Each week for eight weeks I returned to unload. She didn’t just listen, she also explained and validated my feelings. I was losing control of my mind because I had no control over my baby, or the chaotic and brutal birth that brought him into the world. And for someone who dined out on being the most organised person in the room, this was devastating. I needed to learn new tactics for coping with the new world order, and I needed to sleep.

Moral of the story?

You know yourself. You know if you’re not feeling well. You don’t need to justify your feelings to anyone. Get help.

Talking therapy worked for me then, but I have also taken antidepressants. I had a terrible bout of anxiety after a biopsy. The GP gave me little pills which made me so dizzy for a fortnight I thought I needed an eye test. The dizziness gave way to total numbness. I hated that empty feeling more than the anxiety so stopped taking the pills after a couple of months.

Again, during that episode, I was very selective to the people I talked to. It was small fry compared to what my nearest and dearest were going through at the time. I put on a brave face, so everyone thought I was fine.

Moral of the story?

Mental health is invisible. You might be surprised at how the seemingly resilient are silently screaming for someone to reach out to them.

I’ve also written about mental health issues related to menopause, which you can read about here. I had a eureka moment watching a BBC documentary which explained everything I’d been experiencing – crazy mood swings, crying fits and rage.

Moral of the story?

Share your experiences. If it hadn’t been for that documentary, I would have booked myself in for an unnecessary brain scan. I hope this blog will resonate with someone in the same way.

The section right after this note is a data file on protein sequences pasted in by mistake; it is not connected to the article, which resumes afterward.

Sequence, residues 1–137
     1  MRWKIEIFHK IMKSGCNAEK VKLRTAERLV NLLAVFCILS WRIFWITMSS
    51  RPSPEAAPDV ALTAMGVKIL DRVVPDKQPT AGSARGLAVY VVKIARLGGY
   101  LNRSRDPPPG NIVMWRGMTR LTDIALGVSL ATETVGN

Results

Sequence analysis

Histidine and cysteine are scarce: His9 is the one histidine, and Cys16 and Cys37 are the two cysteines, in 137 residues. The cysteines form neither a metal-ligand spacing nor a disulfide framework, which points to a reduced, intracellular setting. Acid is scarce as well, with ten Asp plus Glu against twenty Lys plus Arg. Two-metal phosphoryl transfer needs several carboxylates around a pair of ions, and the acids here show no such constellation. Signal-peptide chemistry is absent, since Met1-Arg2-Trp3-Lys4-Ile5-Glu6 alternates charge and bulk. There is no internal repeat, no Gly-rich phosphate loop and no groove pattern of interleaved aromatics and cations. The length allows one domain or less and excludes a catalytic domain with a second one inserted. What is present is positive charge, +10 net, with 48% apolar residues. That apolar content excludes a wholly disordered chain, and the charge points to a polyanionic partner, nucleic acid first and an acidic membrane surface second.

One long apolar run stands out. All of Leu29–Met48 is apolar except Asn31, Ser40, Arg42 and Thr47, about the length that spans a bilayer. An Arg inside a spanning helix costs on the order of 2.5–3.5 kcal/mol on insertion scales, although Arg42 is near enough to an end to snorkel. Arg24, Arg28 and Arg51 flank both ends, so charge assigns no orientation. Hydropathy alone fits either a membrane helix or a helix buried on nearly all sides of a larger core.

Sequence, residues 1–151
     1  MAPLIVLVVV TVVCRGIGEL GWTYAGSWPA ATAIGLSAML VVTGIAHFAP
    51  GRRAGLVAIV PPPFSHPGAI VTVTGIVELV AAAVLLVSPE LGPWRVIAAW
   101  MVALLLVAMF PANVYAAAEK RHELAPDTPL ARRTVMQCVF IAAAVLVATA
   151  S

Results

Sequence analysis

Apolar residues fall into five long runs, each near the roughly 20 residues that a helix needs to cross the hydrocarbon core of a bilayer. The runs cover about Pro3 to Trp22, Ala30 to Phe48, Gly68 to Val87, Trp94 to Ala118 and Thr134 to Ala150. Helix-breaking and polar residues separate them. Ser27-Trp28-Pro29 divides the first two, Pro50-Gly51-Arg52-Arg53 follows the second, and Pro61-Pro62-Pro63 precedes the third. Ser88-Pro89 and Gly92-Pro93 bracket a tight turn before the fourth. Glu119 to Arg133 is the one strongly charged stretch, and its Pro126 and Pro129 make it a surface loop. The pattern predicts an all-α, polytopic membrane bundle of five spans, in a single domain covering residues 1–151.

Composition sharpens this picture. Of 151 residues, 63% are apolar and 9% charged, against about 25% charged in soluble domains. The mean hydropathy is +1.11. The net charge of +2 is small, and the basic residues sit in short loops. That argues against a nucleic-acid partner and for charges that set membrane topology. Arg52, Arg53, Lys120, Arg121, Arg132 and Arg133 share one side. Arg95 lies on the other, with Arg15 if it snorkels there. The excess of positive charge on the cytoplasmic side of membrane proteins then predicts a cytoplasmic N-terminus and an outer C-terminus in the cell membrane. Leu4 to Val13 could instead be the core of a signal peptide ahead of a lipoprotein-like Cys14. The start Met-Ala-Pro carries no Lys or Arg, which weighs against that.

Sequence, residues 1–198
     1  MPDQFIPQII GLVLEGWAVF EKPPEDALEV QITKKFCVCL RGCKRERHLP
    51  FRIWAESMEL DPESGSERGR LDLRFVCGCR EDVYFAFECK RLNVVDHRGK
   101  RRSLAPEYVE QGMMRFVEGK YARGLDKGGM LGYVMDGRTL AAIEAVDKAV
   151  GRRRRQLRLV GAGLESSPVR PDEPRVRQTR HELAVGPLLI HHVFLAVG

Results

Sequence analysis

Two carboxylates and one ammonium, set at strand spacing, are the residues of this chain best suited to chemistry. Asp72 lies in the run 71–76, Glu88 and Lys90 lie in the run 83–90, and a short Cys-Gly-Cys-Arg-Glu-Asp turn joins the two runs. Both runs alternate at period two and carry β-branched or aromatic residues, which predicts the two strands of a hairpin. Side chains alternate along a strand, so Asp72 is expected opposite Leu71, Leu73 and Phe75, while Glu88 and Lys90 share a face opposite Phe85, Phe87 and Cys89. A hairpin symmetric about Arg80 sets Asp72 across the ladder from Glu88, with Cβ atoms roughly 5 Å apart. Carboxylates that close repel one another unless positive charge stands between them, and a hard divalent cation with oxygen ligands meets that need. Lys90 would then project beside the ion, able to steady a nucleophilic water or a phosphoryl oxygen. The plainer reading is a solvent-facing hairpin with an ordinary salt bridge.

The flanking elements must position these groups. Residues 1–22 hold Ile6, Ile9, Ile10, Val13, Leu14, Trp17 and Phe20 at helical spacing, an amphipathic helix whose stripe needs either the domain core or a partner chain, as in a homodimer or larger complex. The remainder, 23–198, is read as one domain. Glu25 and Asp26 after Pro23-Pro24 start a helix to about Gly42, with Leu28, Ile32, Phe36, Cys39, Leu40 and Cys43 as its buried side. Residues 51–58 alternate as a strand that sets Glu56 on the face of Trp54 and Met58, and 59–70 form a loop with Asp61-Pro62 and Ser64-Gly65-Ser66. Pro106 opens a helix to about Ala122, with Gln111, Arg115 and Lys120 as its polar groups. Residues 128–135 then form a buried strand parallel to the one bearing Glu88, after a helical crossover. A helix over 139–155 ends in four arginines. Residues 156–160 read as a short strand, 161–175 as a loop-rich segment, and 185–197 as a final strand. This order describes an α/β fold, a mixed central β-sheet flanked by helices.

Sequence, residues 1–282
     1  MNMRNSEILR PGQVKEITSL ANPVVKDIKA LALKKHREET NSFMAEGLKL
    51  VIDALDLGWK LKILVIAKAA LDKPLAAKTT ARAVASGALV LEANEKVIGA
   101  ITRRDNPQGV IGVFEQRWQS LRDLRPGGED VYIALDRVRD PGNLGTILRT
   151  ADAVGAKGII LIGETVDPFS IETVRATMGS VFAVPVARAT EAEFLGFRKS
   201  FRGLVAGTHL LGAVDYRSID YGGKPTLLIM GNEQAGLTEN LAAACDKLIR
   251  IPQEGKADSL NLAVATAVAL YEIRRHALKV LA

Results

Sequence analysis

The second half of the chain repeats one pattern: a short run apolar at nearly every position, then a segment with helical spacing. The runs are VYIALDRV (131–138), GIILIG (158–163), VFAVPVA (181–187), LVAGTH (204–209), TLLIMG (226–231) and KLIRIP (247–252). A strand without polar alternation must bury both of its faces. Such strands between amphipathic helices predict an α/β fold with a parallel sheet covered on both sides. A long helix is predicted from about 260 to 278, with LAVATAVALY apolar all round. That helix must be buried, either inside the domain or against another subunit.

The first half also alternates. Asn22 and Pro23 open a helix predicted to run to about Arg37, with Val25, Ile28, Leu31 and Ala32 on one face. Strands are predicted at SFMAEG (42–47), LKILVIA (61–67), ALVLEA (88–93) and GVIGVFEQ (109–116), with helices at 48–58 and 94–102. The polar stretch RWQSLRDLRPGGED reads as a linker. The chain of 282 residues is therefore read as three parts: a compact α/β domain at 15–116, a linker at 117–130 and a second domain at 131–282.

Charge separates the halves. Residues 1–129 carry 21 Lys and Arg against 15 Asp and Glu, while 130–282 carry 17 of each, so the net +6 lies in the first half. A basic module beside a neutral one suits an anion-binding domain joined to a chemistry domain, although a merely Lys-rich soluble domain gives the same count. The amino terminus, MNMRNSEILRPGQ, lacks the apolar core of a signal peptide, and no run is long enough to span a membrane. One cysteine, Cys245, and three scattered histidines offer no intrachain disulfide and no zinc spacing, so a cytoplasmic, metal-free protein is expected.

How you can help yourself

The amount of information and advice out there is completely overwhelming. Mind, the mental health charity, advises that you pick just one strategy at a time. There are some good simple tips from the NHS here, but trying to learn a new skill, taking up exercise and volunteering simultaneously will be exhausting and counterproductive.

My advice for you on this World Mental Health Day is to be kind to yourself and take a break from one thing that is causing you anxiety. What can you take a break from? Can you get help with the kids for an hour so you can go for a run or sit in a park? Can you finish work early, with no better excuse than ‘self-care’? Remove yourself from that one thing for a while and breathe.

I have taken a break from social media, known to be a cause of increased anxiety. I have barely opened Instagram for two weeks and I have so much free time! I’m feeling less judged (and less judgey). Weirdly, the world continues to spin without anyone knowing what I’m wearing today.

Take a break from the old routine

Coronavirus has made everyday feel like groundhog day with little to look forward to, so these little breaks from the routine are essential for recharging.

If taking a break is impossible, then here are some alternative strategies for you to choose from, but again, I urge you to pick just one thing. The last thing you want is to feel overwhelmed by the solutions.

It’s ok not to be ok

Ordinary people have ordinary problems and still suffer mental illness. You are not alone and if you find support you will get through this. One day at a time. I’m here if you want to talk.

Much love, Vx